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HUMAN EVENTS' White House Correspondent John Gizzi is on the scene in Iowa with the latest.

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John Gizzi in Iowa: Romney’s Parting Shot

HUMAN EVENTS’ White House Correspondent John Gizzi is on the scene in Iowa with the latest.

Des Moines, Iowa — It was Mitt Romney‘s final shot at the national media, as well as his infantry of workers from Iowa and those who came from other states to help their presidential favorite win the Republican presidential caucuses here in the Hawkeye State.

More than 650 Romney enthusiasts as well as national reporters covering the former Massachusetts governor jammed into the main HyVee Corporate Headquarters here in Western St. Des Moines for the presidential hopeful’s caucus-eve rally.

Romney’s remarks were positive, recalling how he greeted the casket of a solider killed in Iraq while he was governor and praising President Bush for keeping America safe from another attack over the last six years. As he has for the past few days, Romney refrained from any mention of or reference to leading rival Mike Huckabee (who was on the West Coast taping an appearance on “The Tonight Show”).

What was perhaps more telling than his remarks was the qualified response from his high command to whether Romney will emerge triumphant from the Iowa caucuses. Where local operatives such as Polk County Romney co-chairman Connie Schmett were openly voicing confidence about a Romney victory, the national leaders of “Team Romney” were far more guarded in their predictions.

“If we win here tomorrow and win in New Hampshire, we go on to Michigan [and its primary January 15th,” Massachusetts GOP National Committeeman Ron Kaufman told me before the Romney rally], “If we lose here tomorrow and lose New Hampshire, we go on to Michigan. And then South Carolina and then Nevada. And we’re the only campaign that’s competitive in all five of those states.”

One thing he was certain of, Kaufman added, “is that life will certainly be different on Friday.”

Asked if Romney will win, another national Romney operative, former Rep. and Romney policy point man Vin Weber (R.-Minn.) told me: “Yes–narrowly.”

The cautiousness of Kaufman and Weber was echoed by the top two Iowans on the Romney team. Doug Cross, former chief of staff to former Republican Gov. Terry Branstad, would only say: “It’s gonna be close.” Gentry Collins, the full-time Romney campaign manager in Iowa, said “I hope we win in Iowa, and New Hampshire, but we don’t have to.” Recalling how Romney was trailing Huckabee by as much as 22 percentage points in one statewide poll two weeks ago and had now fought the Arkansas man to a standstill, Collins told me that “if any candidate comes within a few points of winning, it’s a victory.”

The Romney rally included many Iowans, and quite a few supporters from around the country: Bay Buchanan, former top operative for the late presidential candidacy of Tom Tancredo (both have since boarded the Romney bandwagon), veteran Texas conservative activist Dianna Denman, and Rep. Pete Hoekstra (R.-Mich.)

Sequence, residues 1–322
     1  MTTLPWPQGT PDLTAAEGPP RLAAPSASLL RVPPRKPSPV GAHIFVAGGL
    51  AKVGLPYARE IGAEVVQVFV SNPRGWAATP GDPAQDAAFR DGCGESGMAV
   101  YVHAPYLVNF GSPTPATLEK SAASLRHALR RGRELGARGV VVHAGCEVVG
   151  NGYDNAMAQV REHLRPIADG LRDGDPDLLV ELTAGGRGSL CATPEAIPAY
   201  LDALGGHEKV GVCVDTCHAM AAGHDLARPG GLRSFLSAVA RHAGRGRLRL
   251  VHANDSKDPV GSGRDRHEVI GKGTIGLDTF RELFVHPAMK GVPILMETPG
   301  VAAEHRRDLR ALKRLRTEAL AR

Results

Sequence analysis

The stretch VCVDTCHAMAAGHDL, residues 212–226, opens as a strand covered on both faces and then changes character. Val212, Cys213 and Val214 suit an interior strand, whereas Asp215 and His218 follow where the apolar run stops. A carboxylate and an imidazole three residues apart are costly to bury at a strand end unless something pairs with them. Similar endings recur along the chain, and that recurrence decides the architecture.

Tancredo Put Illegal
Immigration Issue on Iowa GOP Map

At a time when polls show more than a third of Iowa Republicans consider illegal immigration their most pressing concern and Republican presidential hopefuls increasingly took a harder line on dealing with undocumented aliens in the U.S., Hawkeye State GOP leaders give credit for putting the issue on the political map to the “man who wasn’t there” — Colorado Rep. Tom Tancredo, who withdrew from the GOP presidential race just over two weeks ago.

“There’s no question about it,” Des Moines attorney Kim Schmett, a past Polk County (Des Moines) GOP chairman, told me last night, “One person felt strongly about the issue, kept talking about it, and finally put illegal immigration at the top of the agenda here, and that’s Tom Tancredo.”

Over dinner at Biaggi’s Restaurant in Western Des Moines, Schmett, a onetime chief of staff to former Rep. Greg Ganske (R.-Iowa), and other local party leaders all agreed that without the Colorado lawmaker continually talking about illegal immigration, one would not be finding Fred Thompson and other remaining GOP presidential hopefuls drawing their loudest applause with calls for building a fence along the U.S. border with Mexico.

“Tancredo had a big part in making it a key issue here,” agreed State Rep. Ralph Watts of Adel, who said that illegal immigrants have been attracted to Iowa and particularly Sioux City because of available jobs in local meat-packing plants. With a dramatic influx of immigrants — many of whom have come to Sioux City and other cities illegally — Iowans have grown “very concerned about preserving our borders,” according to Watts.

Schmett also told me that Iowa’s Republican Rep. Steve King “provided a great supporting cast to Tom Tancredo” by standing and appearing with him when he drove home the issue of illegal immigration. Tancredo has since withdrawn from the presidential race to endorse Mitt Romney, while King recently gave his support to Thompson.

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